• Hi Bob. I thonk it works pretty well… you definitely have to be careful as with any pot perched on a lightweight stand. But I’ve yet to dump a dinner…

  • matt

    Have you found anything cheaper than the BOT. $80 seems like a lot for a pot/bottle. I have jut been using a stainless steel camping cup $14, but w/o a lid and holds less than 1L seems silly also.

  • The BOT is an investment… mine is still going strong. There are cheaper alternatives out there from MSR, etc.

  • Matt

    Logan, do you use any type of pot stand with the trangia/bot combo? or can you just set it right on the stove?

  • Whoops, this one fell through the cracks… sorry for the delay. It sits right on the Hexagon Titanium stove which acts as both a wind shield and a pot stand.

  • Ant

    Would the BOT fit into a Revelate Mountain Feedbag or the tangle? I have been searching for something small that could either nest inside the feedbag or a tangle frame bag that would accommodate a snow peak gigapower stove and canister. Prior to reading this post I was under the impression I needed to get something like the Snow Peak Solo Mini or just the Snow Peak 700ML with lid, but now this BOT looks like it might provide a better option for packing onto my current bike since it is not as wide. I’m not sure if it would fit on the gigapower stove though… Thanks for putting more ideas into my head. ;-)

  • I can’t say about the Mountain Feed Bag, or the Tangle, but it does fit a gigapower canister and stove… that’s what I carried on my last trip.

  • Ant

    Great about the ability to fit the canister and stove in the BOT. Would you happen to have a feed bag or know anyone that could test to see if it would fit? How does the BOT compare to a 32 oz nalgene? I’m interested in a simple method for packing a cook system to provide a means to make fresh coffee on a morning ride and the ability to easily store said system in a small location such as the feedbag, tangle or even a bottle cage. Thanks again.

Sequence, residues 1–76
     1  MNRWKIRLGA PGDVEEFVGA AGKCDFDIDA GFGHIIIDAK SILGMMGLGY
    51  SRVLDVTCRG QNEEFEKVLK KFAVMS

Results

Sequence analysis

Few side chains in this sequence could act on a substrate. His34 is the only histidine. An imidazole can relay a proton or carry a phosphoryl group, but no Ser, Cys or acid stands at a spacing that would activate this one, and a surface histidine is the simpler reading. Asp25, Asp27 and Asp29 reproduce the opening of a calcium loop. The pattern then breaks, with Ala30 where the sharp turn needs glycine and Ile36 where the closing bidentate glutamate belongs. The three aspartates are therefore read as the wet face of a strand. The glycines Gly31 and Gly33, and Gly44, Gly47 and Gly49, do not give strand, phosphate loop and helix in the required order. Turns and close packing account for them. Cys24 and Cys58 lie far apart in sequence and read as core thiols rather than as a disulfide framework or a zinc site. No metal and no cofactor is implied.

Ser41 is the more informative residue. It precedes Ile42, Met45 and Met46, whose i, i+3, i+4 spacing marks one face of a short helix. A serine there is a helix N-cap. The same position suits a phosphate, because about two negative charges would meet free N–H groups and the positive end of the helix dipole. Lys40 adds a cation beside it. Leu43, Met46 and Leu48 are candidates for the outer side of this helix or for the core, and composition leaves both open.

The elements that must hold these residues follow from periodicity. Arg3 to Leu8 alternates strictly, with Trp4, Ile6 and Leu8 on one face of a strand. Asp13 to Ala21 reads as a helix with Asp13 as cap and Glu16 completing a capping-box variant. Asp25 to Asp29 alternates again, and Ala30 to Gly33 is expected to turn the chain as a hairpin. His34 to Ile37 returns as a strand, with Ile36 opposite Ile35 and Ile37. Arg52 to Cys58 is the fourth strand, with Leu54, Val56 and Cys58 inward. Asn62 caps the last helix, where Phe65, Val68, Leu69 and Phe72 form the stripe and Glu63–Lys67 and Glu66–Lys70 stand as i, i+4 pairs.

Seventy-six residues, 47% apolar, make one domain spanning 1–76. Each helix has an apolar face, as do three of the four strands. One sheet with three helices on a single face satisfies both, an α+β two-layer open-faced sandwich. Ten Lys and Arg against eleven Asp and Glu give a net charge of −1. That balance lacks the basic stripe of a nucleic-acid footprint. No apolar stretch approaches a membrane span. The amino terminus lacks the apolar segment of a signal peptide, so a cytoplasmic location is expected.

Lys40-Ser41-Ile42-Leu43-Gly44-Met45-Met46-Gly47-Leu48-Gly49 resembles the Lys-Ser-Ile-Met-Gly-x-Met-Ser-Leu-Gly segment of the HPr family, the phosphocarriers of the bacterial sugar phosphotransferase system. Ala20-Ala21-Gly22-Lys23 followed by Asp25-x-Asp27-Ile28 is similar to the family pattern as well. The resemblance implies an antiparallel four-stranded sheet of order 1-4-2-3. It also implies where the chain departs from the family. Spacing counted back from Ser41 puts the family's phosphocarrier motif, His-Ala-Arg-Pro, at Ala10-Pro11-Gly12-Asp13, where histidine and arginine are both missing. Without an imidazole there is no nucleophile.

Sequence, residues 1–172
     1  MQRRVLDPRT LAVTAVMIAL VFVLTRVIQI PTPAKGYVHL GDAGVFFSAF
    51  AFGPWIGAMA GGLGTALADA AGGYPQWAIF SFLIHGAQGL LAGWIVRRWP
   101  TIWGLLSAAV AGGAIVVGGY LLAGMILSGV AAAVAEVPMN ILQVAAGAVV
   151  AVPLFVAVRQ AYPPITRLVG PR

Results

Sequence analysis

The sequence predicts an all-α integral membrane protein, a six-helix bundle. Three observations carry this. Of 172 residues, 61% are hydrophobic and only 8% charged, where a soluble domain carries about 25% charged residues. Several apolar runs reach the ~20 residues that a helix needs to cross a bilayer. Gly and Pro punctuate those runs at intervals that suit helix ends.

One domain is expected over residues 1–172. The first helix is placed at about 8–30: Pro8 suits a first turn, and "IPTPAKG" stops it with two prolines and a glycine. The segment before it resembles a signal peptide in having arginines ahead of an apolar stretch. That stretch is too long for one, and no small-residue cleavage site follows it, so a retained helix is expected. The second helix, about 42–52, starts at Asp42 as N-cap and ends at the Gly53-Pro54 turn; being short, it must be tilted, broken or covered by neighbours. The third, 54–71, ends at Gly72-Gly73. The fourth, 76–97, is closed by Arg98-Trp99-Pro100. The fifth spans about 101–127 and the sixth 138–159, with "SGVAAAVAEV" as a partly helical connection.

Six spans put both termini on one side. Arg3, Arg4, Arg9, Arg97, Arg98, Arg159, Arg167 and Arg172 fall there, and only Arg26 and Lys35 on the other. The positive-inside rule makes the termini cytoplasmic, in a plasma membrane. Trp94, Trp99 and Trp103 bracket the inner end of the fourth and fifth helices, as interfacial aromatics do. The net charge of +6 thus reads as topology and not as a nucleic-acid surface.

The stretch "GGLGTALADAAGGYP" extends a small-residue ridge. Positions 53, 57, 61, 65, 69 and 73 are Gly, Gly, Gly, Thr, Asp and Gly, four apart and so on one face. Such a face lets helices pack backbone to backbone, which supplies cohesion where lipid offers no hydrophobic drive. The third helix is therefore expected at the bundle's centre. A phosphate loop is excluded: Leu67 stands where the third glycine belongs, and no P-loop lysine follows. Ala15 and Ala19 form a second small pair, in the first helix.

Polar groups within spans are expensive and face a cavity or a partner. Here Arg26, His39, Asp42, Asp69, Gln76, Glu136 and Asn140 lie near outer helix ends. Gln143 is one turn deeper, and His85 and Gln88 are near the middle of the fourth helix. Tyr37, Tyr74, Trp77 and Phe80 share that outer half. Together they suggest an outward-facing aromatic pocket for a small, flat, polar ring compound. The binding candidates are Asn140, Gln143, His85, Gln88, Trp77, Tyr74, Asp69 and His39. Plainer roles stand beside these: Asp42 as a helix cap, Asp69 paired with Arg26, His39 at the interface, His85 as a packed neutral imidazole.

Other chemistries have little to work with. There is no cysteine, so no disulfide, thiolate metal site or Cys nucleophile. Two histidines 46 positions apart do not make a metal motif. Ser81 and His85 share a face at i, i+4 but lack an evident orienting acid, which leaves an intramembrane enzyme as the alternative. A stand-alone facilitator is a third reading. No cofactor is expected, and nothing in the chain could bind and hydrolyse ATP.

• I don’t. I have Randi Jo Fab bartender bags. On the Vargo website it is a claimed 4.1″ in diameter… I would measure that against a nalgene. It doesn’t fit in a regular bottle cage, but works in a Salsa Anything cage.

  • Manley Nelson

    Damn Logan, I’ve been trying to figure this kitchen situation out and I’m glad i found another one of your great reviews. Thanks again

  • Chuck

    The BOT will fit in a Tangle. BTW a BOT is almost the exact dimensions of a Jetboil Sol. The Jetboil French Press will even work with the BOT with a little massage. The lid to a Sol works to stabilize the press but the lid from a container of Philadelphia Cream Cheese weighs nothing and will work as well. Frankly, on most missions the Jetboil Sol Ti works better than the BOT but for gram counting trips the bot with a Flat Cat Gear Snow Leopard is tough to beat.

  • Matt Shriver

    Thanks for the review on the BOT. Does anyone have experience with the 100G Jet Boil fuel canister fitting inside the BOT? I am having trouble finding any fuel canister that will fit inside here in Belgium. Jet Boil seems to be distributed globally and easiest to find even here in Belgium. Open to other brands that will fit inside the BOT. Thanks for any information!

  • Nate Kaiser

    Does it fit within a Salsa Anything Bag mounted on an Anything HD cage?

  • Yes, with room to spare.

  • Jeremy Franz
  • Friar Rodney Burnap

    I am getting a Troll and using a Tripodding set up two large panniers on the front wheel…a large 17.5 litter seat bag and a full frame bag…Tripodding with a light weight 4 season gear kit…

  • Nick Hamilton

    Any thoughts on the stainless steel BOT?

  • ArkArk

    Check out Bedrock Bags Honaker Bot Bag or Hydro Bag. Meant to hang off your downtube. Awesome solution.

  • Friar Rodney Burnap

  • Friar Rodney Burnap

    Best ultralight stoves on the market

    My Choke Hazard Cooking Kit is a 10oz cooking pot, pot stand, wind screen, and a remote alcohol stove, remote means I can refilled it as it cooks…it weighs 3.73oz.this is the weight for the full cooking kit. I mostly do freezer bag Cooking so I am boiling water.

  • Aulis Veikko

    Those bags are also $50 and I can’t quite determine why. I had one for my Nalgene and, although a nice bag, $50 seemed a little high.